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Natural gas dips on last day of Sept with big gains on week, month and qtr

Natural gas futures finished the last trading day of September down while posting weekly, monthly and even quarterly gains as the price of America’s favorite fuel for indoor heating and cooling neared the key psychological bullish $3 mark.

The most-active November gas contract on the New York Mercantile Exchange’s Henry Hub settled at $2.929 per mmBtu, or million metric British thermal units — down 1.6 cents, or 0.5% on the day.

For the week though, November gas rose 11%. For the month, it was up 5.8% while for the third quarter, it gained 4.7%.

“Window dressing by commodity funds and other entities with mandated monthly or quarterly reports and/or rebalance schedules may have played a role in the earlier selloff, as today is the final traded session with any meaningful liquidity prior to the beginning of Q4,” analysts at Gelber & Associates, a Houston-based energy trading advisory, said in a note to their clients.

“Also significant is [the] price’s proximity to the $3.00 level of resistance,” Gelber’s analysts said. “Prices reaching such significant levels can drive those with much longer-term price sensitivities to hedge, such as producers.”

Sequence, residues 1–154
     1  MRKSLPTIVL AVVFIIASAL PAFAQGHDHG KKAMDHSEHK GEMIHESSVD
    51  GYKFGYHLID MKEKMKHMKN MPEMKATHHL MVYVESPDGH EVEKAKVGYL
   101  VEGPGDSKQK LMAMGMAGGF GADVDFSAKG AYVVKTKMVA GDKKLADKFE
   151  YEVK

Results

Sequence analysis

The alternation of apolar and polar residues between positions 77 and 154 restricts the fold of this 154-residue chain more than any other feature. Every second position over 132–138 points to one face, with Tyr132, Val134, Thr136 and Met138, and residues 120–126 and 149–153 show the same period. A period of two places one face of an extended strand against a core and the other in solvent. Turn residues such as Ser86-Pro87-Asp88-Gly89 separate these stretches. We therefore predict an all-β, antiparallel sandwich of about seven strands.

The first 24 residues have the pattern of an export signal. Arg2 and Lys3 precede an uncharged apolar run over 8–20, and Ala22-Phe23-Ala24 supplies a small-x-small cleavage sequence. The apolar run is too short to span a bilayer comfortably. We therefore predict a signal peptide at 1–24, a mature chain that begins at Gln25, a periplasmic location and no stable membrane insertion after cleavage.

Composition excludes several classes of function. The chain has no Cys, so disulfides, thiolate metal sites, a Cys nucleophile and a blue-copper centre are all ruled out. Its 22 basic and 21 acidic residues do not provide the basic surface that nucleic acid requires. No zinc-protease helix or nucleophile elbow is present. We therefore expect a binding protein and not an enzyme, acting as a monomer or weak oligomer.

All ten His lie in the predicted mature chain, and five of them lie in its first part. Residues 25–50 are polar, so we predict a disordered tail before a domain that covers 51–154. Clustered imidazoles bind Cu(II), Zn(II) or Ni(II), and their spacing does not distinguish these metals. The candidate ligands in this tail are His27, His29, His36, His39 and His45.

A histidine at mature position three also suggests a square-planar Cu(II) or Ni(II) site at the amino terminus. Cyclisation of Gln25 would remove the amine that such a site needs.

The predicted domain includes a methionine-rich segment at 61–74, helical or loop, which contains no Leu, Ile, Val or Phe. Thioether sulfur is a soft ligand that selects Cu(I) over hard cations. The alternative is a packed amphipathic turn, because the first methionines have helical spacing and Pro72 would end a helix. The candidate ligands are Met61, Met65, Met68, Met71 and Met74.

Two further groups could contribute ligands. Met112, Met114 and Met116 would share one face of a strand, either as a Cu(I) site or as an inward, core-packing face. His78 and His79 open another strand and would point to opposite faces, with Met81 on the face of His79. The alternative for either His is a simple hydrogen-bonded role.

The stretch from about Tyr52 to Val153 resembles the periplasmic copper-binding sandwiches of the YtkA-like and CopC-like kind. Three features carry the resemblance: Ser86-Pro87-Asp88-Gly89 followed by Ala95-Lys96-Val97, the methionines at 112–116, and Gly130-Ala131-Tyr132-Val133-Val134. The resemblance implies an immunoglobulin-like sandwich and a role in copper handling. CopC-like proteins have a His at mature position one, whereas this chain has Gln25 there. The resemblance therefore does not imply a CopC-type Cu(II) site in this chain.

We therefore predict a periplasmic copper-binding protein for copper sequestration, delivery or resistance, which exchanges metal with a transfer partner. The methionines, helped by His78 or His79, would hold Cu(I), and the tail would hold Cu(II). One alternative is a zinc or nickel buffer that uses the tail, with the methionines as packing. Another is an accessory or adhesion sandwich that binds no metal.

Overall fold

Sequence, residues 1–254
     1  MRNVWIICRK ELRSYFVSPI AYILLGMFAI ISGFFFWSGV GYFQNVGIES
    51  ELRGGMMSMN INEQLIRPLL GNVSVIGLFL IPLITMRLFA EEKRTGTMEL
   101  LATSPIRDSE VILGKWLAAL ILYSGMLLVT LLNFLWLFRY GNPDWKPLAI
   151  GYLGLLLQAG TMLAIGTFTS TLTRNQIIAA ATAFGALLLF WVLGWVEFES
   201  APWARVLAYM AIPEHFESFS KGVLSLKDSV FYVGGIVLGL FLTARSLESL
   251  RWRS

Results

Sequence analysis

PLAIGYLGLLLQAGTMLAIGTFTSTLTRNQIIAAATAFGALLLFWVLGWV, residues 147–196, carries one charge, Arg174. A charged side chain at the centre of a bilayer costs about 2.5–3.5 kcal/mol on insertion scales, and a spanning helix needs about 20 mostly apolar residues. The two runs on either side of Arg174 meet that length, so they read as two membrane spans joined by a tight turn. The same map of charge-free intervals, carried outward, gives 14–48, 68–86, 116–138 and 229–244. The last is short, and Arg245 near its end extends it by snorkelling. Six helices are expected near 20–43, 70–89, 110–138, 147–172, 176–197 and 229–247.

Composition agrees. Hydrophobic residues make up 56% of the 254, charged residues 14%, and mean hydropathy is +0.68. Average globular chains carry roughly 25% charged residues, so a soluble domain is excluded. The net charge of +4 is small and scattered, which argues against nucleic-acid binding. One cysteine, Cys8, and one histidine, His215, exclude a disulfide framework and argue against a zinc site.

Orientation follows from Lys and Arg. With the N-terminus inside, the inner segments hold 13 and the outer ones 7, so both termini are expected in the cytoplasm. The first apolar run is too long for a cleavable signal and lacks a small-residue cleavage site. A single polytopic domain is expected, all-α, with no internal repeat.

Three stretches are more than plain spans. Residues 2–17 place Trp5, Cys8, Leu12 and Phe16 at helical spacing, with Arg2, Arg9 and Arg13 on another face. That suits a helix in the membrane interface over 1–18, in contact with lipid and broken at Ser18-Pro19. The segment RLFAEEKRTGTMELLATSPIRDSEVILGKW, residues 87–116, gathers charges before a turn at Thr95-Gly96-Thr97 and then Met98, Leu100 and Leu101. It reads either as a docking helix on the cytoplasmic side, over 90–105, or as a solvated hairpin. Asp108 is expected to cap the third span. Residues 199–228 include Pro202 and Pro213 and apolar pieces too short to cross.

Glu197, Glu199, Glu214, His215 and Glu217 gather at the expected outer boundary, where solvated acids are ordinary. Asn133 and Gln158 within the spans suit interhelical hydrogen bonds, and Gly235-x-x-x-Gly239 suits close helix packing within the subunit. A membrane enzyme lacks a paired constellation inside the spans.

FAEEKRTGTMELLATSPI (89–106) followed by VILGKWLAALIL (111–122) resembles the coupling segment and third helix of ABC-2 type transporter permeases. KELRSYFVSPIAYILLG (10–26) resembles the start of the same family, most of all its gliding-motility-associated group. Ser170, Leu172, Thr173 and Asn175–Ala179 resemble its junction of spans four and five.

This month’s breakout to near $3 pricing marks the third attempt by gas bulls to get the market to that pivotal point since its fall from a high of $4.40 in January. For most of the year, the most-active gas contract on the Henry Hub has been stuck at mid-$2 levels, hampered by benign weather that neither needed too much cooling or heating.

Record daily production, often crossing 100 billion cubic feet, or bcf, per day has been another problem.

A huge stockpile overhang had also depressed the market. As of the end of last week, U.S. gas in storage stood at 3.359 trillion cubic feet, up 13.4 from a year ago and 6% higher than the five-year average.

With fall season now having begun in the United States, forecasts of cooler weather in the coming weeks could lead to higher heating demand and change in the dynamics of gas storage and pricing, analysts say.

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